While the U.S. stock market continues its record-setting pace, the economy seems to have decelerated somewhat, with GDP growing at a somewhat disappointing 2.5% pace in the first quarter following the meager 0.4% growth rate of the fourth quarter of 2012. How does one reconcile the seeming disconnect between the rising stock market and sluggish economy?
In this piece, Dr. David Kelly and Brandon Odenath review the importance of labor force participation in understanding the recent decline in the unemployment rate, dispel popular myths about why LFP has fallen and provide a 5-yr. outlook for LFP. Their examination of LFP includes implications for the economy, labor markets, Fed policy and capital markets.
Perspectives on the current economic, investment and political landscape from a variety of thought leaders across Deutsche Bank Group.
5/1/13, OTR Global - If there's been one theme the past weeks of earning news, it's that companies have been generating earnings but missing on revenue. Analysts have remarked again and again about anemic revenue, indicative of U.S. and global economies that are barely registered growth (the recently released first-quarter GDP report of 2.5% expansion notwithstanding). With nearly half of the S&P 500 companies having reported as of April 25, more than half missed on revenue even as nearly three-quarters beat on earnings, according to data compiled by Bloomberg.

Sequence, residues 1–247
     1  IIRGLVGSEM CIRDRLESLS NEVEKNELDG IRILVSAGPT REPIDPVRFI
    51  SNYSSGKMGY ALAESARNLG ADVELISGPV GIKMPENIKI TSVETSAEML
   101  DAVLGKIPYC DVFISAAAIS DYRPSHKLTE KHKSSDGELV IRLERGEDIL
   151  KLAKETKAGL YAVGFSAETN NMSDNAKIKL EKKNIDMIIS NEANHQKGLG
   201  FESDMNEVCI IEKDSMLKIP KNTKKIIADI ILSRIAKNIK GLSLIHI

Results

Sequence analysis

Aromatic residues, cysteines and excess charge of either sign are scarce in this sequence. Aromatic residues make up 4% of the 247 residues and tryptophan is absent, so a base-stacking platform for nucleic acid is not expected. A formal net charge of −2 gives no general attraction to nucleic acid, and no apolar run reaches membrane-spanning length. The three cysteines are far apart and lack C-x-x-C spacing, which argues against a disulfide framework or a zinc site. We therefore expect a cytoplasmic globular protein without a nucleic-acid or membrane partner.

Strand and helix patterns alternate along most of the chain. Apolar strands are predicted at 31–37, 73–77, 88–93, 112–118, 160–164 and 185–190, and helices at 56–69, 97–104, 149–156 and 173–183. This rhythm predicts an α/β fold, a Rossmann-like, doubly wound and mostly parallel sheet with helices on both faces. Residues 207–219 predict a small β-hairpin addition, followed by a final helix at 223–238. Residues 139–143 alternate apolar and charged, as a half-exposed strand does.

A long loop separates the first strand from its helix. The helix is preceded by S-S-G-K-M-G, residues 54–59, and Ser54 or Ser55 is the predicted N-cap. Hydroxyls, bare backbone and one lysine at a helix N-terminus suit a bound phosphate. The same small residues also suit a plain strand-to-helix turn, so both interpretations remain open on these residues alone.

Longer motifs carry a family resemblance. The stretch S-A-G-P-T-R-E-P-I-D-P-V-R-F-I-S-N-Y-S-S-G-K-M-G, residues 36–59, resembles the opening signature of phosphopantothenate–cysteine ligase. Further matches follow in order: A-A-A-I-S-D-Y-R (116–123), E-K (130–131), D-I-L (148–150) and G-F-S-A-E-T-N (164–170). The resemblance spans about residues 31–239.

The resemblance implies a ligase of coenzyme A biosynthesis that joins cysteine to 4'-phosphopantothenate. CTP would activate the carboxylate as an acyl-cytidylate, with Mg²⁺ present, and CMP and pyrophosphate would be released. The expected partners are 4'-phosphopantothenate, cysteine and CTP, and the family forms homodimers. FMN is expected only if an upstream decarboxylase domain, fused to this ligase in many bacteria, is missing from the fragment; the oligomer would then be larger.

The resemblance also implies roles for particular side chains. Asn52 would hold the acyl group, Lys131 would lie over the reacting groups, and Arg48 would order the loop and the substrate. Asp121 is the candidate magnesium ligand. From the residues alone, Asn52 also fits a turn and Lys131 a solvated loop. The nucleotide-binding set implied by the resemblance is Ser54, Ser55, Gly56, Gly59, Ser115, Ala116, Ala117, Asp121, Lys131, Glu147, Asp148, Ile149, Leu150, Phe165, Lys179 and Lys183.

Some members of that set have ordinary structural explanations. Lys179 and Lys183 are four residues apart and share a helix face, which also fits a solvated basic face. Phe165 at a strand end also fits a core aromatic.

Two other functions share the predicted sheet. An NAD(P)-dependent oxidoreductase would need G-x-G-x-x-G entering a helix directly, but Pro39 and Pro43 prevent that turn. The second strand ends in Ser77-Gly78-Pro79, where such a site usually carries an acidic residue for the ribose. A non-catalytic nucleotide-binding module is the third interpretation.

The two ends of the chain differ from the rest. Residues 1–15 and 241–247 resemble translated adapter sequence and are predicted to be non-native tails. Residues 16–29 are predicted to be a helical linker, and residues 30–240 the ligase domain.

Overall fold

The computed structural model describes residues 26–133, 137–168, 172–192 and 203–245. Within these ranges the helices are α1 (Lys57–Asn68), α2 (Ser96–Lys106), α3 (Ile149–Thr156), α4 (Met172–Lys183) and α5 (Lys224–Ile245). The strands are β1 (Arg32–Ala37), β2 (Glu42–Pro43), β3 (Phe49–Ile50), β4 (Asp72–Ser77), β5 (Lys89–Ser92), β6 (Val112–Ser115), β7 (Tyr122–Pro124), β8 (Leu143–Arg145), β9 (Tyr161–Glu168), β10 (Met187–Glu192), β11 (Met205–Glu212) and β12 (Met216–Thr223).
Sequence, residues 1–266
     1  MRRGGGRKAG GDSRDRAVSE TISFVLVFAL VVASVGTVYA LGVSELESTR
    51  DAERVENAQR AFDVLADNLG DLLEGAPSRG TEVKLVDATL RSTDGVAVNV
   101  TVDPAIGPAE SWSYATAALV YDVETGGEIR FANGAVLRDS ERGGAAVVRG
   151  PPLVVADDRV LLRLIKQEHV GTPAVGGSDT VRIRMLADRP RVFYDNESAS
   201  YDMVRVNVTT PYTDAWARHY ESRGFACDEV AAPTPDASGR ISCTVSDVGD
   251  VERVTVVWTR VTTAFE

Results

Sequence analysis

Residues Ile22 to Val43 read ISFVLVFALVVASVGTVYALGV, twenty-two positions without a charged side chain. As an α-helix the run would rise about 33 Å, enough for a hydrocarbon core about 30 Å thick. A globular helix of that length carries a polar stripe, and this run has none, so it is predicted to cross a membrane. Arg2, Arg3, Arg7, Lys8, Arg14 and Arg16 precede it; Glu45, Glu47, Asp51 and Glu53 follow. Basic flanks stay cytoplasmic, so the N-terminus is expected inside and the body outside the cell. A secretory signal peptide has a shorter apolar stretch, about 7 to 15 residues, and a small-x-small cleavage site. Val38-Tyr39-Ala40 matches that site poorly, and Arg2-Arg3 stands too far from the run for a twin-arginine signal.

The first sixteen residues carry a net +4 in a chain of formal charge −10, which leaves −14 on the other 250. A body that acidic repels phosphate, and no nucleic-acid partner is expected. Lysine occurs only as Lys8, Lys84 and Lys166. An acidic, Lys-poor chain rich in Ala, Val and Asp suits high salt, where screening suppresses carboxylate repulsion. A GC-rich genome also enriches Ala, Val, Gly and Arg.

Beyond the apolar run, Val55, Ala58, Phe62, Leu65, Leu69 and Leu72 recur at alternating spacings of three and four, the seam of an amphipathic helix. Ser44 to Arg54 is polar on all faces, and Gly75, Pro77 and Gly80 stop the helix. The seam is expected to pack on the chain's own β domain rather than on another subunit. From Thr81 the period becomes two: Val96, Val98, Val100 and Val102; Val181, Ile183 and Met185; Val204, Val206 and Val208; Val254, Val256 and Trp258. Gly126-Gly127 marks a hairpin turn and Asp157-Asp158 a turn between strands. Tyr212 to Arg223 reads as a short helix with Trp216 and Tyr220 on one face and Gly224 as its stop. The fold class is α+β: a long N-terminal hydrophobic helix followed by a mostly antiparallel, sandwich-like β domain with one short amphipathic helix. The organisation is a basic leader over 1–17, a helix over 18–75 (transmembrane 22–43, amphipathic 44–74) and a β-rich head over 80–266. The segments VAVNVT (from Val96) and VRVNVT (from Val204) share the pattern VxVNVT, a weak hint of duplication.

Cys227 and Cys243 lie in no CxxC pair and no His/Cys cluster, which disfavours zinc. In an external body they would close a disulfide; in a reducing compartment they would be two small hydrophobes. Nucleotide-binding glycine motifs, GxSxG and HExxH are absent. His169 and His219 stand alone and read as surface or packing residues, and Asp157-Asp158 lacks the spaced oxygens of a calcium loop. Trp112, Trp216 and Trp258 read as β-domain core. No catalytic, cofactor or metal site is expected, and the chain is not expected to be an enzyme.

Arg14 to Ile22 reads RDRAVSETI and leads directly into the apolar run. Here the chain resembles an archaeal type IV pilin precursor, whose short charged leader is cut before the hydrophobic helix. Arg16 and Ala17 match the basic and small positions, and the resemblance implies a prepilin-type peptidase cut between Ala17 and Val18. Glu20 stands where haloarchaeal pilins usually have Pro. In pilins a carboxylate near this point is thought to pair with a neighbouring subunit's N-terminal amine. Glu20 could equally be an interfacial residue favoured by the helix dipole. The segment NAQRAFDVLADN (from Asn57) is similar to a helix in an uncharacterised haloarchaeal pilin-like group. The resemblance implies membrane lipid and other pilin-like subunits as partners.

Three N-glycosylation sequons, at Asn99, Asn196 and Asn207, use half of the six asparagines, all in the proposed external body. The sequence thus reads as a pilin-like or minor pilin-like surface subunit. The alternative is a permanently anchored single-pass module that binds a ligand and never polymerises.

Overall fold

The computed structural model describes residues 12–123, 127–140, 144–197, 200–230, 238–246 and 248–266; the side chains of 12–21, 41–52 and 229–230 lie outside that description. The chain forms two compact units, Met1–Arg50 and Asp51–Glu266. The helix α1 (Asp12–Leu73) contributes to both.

On March 5, the most-watched Dow Jones Industrial Average Index closed at all-time high of 14,253.77, topping the previous record of 14,164.53 reached on October 9, 2007 and more than double (+118%) its bottom of 6,547.05, hit on March 9, 2009. With the stock markets hitting new-record highs and accumulating sharp gains, many investors wonder whether the stocks have entered a new bull market—or entered the bubble zone.
Seemingly oblivious to the political wrangling over the budget and the country’s long‐term fiscal state, economic activity continued to steadily improve in the first quarter as many segments of the economy posted slight gains over the previous quarter. Domestically, housing was once again a bright spot, with several measures of the sector modestly advancing. Manufacturing rebounded strongly after a period of stagnation. Consumer confidence also improved during the quarter...